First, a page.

Pricey Italy abandons its tourist tax

CONTROVERSIAL PLANS by the Italian government to levy a tax on tourists have been abandoned, following objections by hoteliers and tour operators, who feared it would deter holidaymakers from visiting the country.

The Italian parliament had been expected to ratify proposals announced last month to charge international and domestic tourists up to five euros per person per day or 140 euros a week for a family of four.

These daily charges were to be added to hotel bills and were intended to raise funds for re-investment in the tourism industry. Local authorities in Rome, Florence and Venice were in favour of the proposals, while officials in Turin were expected to introduce the tax, but charge only one or two euros a day.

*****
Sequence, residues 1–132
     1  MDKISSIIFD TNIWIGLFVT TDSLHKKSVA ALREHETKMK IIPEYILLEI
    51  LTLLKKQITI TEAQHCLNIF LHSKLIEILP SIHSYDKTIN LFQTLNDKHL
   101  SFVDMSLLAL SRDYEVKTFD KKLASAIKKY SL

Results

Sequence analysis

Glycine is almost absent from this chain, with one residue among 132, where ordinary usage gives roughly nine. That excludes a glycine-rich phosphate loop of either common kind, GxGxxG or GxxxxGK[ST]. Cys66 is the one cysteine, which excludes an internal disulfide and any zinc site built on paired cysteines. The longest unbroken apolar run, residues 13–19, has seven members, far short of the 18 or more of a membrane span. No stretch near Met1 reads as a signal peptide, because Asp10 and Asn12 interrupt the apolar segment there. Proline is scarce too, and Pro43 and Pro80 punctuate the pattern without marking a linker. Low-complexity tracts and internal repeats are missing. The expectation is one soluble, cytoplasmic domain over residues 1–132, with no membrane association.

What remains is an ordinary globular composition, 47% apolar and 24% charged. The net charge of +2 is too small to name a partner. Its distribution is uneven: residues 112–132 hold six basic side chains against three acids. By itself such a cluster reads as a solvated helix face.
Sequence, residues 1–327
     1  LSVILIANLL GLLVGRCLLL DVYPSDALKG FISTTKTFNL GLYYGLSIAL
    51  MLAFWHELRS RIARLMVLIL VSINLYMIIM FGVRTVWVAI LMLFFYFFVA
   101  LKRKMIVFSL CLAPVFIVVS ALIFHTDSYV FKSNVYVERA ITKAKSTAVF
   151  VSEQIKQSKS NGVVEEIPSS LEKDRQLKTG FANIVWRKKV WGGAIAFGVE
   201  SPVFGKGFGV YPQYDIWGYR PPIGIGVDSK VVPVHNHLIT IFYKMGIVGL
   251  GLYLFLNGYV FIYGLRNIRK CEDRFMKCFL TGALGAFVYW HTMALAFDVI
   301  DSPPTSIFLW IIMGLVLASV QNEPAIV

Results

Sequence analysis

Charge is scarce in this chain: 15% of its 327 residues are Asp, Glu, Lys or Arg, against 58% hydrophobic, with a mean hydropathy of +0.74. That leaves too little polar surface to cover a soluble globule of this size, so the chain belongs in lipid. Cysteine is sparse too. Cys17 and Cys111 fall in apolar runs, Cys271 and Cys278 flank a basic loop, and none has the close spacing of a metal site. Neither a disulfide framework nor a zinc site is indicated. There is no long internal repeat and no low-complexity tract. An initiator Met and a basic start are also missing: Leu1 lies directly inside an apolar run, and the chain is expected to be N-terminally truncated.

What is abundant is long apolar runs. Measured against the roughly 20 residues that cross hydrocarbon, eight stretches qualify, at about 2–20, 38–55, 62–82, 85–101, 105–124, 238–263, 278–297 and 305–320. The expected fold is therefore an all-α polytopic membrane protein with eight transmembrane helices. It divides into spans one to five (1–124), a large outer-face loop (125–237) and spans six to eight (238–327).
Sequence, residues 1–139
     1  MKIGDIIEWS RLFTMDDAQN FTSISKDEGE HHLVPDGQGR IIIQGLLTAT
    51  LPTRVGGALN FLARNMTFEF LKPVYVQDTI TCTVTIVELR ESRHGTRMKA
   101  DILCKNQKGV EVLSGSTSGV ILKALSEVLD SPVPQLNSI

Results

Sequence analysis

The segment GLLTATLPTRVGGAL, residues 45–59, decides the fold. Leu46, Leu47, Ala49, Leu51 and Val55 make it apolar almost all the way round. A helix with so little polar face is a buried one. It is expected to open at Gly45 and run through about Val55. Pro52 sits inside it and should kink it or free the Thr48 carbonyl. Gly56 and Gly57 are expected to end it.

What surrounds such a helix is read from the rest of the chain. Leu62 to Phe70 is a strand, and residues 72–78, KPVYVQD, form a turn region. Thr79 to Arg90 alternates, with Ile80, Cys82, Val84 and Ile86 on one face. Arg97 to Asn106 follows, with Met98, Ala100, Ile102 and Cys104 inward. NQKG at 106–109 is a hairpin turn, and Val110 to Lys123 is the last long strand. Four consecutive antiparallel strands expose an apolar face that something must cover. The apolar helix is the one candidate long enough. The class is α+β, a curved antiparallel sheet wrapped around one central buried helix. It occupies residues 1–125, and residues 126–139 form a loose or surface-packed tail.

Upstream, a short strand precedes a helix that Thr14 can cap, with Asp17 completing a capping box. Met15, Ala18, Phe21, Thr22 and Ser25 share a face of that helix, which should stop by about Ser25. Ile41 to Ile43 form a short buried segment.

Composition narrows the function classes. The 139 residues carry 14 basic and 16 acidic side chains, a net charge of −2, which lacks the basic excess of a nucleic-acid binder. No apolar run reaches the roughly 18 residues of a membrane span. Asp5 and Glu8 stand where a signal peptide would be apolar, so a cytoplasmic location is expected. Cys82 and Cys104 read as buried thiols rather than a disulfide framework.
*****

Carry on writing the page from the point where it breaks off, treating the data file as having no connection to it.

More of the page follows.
A spokeswoman for the Italian tourist board said the government had this week decided to abandon the measures. “There was a lot of opposition, particularly from hoteliers, who felt they might lose business,” she said. “The cities all have budgets and they must decide how much to reinvest in tourism.”